Cleaning out a loved one's home
We’ve been recommending Amy Roberts, owner of Out of the Box Moves, to our clients for years. As a professional move manager, her mission is to “alleviate the emotional and physical stresses that are associated with downsizing and moving for individuals, families, and seniors.” Amy has assisted people in nearly every moving scenario, but her experience with people who must clean out a home after their loved one passes is why we’re featuring her today.
Sorting through all the items of a loved one can seem impossible; grief overshadows your decisions. People can sometimes manage this task on their own, with the support of friends and family. Others call people like Amy to help. Wherever you may fall on this spectrum, Amy shares her thoughts on how to clean out a home after a loved one passes, with a particular focus on memorabilia.
What is memorabilia?
Memorabilia is a collection of sentimental items that have been collected over the years, thus developing value to a person. Memorabilia, what is valuable to you, may not be valuable to others. So, what is the meaning of valuable? It’s the emotion that we are attached to, not the monetary value.
Why are we attached to memorabilia?
We develop an attachment to an item because it represents a story, triggers a memory, and brings us back to the time that made us feel happy (or maybe even sad). That nostalgic feeling makes us want to keep it.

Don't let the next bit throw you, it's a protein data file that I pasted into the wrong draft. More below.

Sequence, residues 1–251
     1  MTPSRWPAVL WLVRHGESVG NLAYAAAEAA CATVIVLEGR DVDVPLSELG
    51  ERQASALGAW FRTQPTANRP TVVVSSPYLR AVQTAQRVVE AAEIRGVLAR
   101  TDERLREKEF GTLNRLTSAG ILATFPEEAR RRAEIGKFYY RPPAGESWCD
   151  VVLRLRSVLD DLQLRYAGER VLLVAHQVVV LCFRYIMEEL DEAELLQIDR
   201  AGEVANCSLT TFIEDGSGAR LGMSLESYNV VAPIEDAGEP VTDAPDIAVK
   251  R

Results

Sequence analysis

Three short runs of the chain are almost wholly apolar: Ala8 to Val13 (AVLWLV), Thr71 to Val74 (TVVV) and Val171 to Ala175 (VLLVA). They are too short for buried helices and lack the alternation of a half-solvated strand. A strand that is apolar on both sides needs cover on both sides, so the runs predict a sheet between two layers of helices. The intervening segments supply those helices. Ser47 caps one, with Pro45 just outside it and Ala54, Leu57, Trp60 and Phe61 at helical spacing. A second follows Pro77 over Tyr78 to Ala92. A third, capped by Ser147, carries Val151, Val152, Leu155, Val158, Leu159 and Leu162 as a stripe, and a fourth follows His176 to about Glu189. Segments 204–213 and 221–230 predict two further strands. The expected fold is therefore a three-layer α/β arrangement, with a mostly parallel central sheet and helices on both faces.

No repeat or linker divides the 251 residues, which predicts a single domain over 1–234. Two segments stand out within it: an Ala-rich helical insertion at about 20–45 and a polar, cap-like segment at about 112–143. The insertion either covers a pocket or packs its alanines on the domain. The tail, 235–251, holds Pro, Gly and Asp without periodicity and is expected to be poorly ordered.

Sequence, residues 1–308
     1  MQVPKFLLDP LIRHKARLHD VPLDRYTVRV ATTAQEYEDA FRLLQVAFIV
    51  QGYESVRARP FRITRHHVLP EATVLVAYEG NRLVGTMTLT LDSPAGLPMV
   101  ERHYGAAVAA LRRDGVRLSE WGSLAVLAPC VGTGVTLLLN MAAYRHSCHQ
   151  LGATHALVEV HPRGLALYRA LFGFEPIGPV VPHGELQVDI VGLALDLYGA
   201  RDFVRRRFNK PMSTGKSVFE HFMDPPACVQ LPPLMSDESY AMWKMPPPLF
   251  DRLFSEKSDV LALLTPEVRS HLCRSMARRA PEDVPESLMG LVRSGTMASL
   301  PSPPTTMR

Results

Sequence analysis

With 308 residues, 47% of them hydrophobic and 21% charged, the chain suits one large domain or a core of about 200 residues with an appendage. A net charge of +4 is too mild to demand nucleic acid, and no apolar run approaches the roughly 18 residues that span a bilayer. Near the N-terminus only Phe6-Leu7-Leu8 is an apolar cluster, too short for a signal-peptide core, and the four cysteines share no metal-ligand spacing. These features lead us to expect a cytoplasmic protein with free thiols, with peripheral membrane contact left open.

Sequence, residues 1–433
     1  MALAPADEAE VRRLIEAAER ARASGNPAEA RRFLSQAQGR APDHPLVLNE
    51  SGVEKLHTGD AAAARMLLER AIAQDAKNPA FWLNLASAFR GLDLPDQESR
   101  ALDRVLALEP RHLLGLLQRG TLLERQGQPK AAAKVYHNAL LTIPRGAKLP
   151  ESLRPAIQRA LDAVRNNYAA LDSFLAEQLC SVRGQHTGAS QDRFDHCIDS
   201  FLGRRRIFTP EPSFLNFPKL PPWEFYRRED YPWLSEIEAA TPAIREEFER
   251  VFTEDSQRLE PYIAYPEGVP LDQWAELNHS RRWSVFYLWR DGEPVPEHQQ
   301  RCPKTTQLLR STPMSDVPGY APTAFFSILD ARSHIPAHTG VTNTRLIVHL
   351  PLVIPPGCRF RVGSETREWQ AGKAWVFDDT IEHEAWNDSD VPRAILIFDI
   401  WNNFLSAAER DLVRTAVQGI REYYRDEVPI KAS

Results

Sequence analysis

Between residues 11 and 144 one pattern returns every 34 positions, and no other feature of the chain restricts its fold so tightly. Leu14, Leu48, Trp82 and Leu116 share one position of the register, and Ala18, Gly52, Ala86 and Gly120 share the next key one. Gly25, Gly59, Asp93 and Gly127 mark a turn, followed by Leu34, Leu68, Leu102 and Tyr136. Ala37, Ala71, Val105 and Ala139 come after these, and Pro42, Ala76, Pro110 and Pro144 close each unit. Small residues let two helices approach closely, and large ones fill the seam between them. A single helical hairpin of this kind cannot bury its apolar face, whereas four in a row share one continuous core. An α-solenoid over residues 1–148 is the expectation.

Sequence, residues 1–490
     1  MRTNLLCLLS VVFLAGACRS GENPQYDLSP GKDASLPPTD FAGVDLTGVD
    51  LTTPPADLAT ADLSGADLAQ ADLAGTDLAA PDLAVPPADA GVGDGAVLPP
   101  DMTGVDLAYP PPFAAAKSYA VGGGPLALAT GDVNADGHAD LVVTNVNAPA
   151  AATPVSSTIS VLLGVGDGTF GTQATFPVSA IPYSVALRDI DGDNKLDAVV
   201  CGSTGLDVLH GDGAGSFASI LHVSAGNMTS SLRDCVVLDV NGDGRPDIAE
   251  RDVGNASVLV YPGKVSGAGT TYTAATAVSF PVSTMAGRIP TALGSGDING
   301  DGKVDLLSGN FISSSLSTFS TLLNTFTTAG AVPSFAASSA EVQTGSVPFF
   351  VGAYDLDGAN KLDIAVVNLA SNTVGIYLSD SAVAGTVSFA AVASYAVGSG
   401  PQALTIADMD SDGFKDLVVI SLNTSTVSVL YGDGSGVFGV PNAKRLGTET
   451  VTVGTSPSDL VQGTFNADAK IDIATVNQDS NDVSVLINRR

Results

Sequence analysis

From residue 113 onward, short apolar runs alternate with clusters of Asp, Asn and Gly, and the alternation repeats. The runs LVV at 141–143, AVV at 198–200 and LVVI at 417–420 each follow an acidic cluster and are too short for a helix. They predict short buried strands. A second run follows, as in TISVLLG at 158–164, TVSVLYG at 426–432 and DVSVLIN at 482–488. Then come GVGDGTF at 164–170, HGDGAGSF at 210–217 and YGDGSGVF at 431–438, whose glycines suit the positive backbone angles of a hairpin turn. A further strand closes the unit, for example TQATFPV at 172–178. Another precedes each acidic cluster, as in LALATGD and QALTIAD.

My parents’ memorabilia
I remember cleaning out my mom and dad’s home with my three sisters. We each took various items that had meaning to us. As a move manager, I don’t like to have a lot of stuff in my house. I’m not a minimalist, but I do prefer to have less than more. The one object I really wanted was my mother’s teaspoon that she often used to mix her sugar and milk in her tea. Though it is very small, it contains many memories and brings me a lot of happiness. It has become a special spoon in my family. My kids fight to use “Nonni’s spoon.” Even though they never met her, it gives them a connection to her and continues my family’s story.
So as you go through the home of your parents, close relatives, or someone you have cared for throughout your life...remember that you don’t need to take it all to honor their memory. Focus on the one or two pieces that have meaning and value to you as memorabilia.
Ok, so that didn’t help you clean out the rest of the house of items that don’t have memorabilia status. Here are a few suggestions for how to proceed:
Family first: offer items to extended family. They may not want a lot, but it’s nice to offer.
Friends second: a close friend may want a vase or a plant to remember your loved one.
Antique dealer: have a dealer come in to see if anything remaining has monetary value.
Charitable organizations: If you have the time, you can schedule a pick up for donations.
Clean out company: If you don’t have the time to call and schedule charitable organizations, you don’t have to do this alone. Call a clean out company. They will take donations and trash.
Whatever steps you take to clean out your loved one’s house, starting is the hardest part. It really does get easier as you go. Remember, you don’t have to do it alone. Please reach out to me if you have any questions.